George Lindsay's royal microscope

Numbered *1*, this microscope is the first example of a portable design by George Lindsay. He was the royally appointed Watch and Clockmaker during the mid-18th century, and this microscope was in the King George III collection before it was purchased by Robert Whipple. XR 

Lindsay's pocket microscope
Image 1 George Lindsay's pocket microscope; made in 1742. This microscope was presented to King George II. Image © the Whipple Museum (Wh.0195).
Lindsay's pocket microscope
Image 2 Lindsay's pocket microscope, with all of its accessories packed away "in a Case not exceeding six Cubic Inches." Image © the Whipple Museum (Wh.0195).

Lindsay's advertising

A handwritten advertisement on a microscope by George Lindsay XR  reads:

"G Lindsay Watch & Clockmaker to his Royal Highness ye Prince of Wales at ye Dial near Catherine Street in ye Strand. Inventor & Maker of ye Generally portable microscope"

The "Generally portable" microscope is Lindsay's pocket microscope (Image 1), the first example of which is now in the collections of the Whipple Museum. Lindsay published a pamphlet describing the microscope in 1743, though he claimed that he had invented it for personal use as early as 1728.

The "Prince of Wales" mentioned in Lindsay's advertisement was the son of King George II, Frederick, who was tutored in contemporary natural philosophy, and had an armillary sphere G  made for him by the instrument maker J. Sisson. The Lindsay microscope was presented to George II, and eventually entered the collection of George III. XR 

» Read about the parts of the microscope

The design of the microscope

The main feature of the microscope is that it could be "contained in a Case not exceeding six Cubic Inches" (Image 2). Portable microscopes had increased in popularity since the end of the 17th century. This was partly in response to demand for instruments for use outdoors, in the field. It was also related to the way in which the microsocpe was used and perceived in the mid-18th century. Many instrument makers were creating elaborate and ingenious designs, partly in reponse to the demands of naturalists, and partly to enhance their own businesses.

As well as being portable Lindsay's microscope design also incorporated practical improvements, such as a substage mirror, G  one of the first to be added to a pocket microscope. Lindsay's following claim, from the patent document, is perhaps a little exaggerated:

"That the Purpose of Enquiry into the minute Parts of Nature, ... having been partly retarded by the inconvenient apparatus made for that Purpose, in all former microscopes, are by this invention entirely taken away."

The potential of the microscope

The microscope was a trusted instrument for inquiries into nature by the time Lindsay's design was made available in 1743. But this was not the case during the first fifty years or so of the instrument's history. Until the publication of Robert Hooke's XR  Micrographia in 1665 the potential of the microscope was relatively unknown. As Hooke was keen to point out, this potential was for the discovery of the wonders of nature, and for the greater understating of God's skill as the author of nature.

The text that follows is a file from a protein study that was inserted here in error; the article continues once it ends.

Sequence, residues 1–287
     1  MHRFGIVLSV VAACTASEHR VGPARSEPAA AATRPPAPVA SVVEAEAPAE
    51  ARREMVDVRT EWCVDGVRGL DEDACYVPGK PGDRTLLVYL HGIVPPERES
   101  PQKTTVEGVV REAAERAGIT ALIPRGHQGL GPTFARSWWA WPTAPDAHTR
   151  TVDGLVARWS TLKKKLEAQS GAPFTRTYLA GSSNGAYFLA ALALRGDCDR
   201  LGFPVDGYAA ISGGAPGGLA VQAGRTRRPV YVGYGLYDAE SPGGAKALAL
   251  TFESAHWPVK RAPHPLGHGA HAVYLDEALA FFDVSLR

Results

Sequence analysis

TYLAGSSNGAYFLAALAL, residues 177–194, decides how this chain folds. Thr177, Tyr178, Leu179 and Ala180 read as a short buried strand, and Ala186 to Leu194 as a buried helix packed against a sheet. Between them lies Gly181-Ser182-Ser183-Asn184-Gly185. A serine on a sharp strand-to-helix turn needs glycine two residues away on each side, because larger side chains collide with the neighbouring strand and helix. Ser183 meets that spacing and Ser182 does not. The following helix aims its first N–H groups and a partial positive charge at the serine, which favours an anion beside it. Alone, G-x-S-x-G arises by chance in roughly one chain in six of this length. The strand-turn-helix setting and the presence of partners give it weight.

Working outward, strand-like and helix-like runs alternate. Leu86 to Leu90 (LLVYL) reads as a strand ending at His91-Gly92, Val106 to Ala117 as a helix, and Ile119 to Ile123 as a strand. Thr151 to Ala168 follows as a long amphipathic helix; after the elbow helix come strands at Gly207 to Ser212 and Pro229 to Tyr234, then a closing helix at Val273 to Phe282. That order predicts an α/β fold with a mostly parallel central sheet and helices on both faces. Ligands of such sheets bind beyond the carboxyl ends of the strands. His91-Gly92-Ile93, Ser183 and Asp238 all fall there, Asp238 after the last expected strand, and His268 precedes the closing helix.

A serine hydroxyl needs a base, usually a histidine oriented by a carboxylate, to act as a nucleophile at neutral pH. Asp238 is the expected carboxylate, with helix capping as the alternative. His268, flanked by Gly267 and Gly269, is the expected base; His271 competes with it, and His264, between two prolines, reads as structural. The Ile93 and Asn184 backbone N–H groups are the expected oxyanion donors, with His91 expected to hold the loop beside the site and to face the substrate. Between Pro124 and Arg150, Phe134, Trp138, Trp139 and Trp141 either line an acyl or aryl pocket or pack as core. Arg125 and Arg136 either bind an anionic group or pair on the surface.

Lindsay's pamphlet of 1743 is similarly concerned with 'natural theology' (studying nature to better understand God's work):

"All Nature abounds with Miracles, and it would be an endless task to enumerate them, therefore there will always be new Matter of Discovery for the Microscope: and were it possible to improve our Power of seeing by much greater Magnifiers that have yet, or can possibly be made, the Discoveries would still be proportionable, and we should only be more sensible, that to know the Power of the Almighty to Perfection, must be the Employment of Eternity."

Put simply, he thought that the development of the microscope would always lead to the discovery of a finer degree of perfection in nature. In reality, the development of the optical microscope is limited both theoretically and practically. During the 18th century, however, the debate was philosophical; could the microscope continue to show smaller and smaller objects, or had the world under the microscope been fully explored? Hooke thought that after about 1680 the microscope had shown all that it could, but some remained optimistic that there more would be revealed, and later discoveries validated this view.

» Read Henry Baker and John Cuff, collaborators on microscope design
» Read more Benjamin Martin's microscope compendia

Boris Jardine

Boris Jardine, 'George Lindsay's royal microscope', Explore Whipple Collections, Whipple Museum of the History of Science, University of Cambridge, 2006 [http://www.hps.cam.ac.uk/whipple/explore/microscopes/3microscopemakers/georgelindsay/, accessed 19 September 2017]

 
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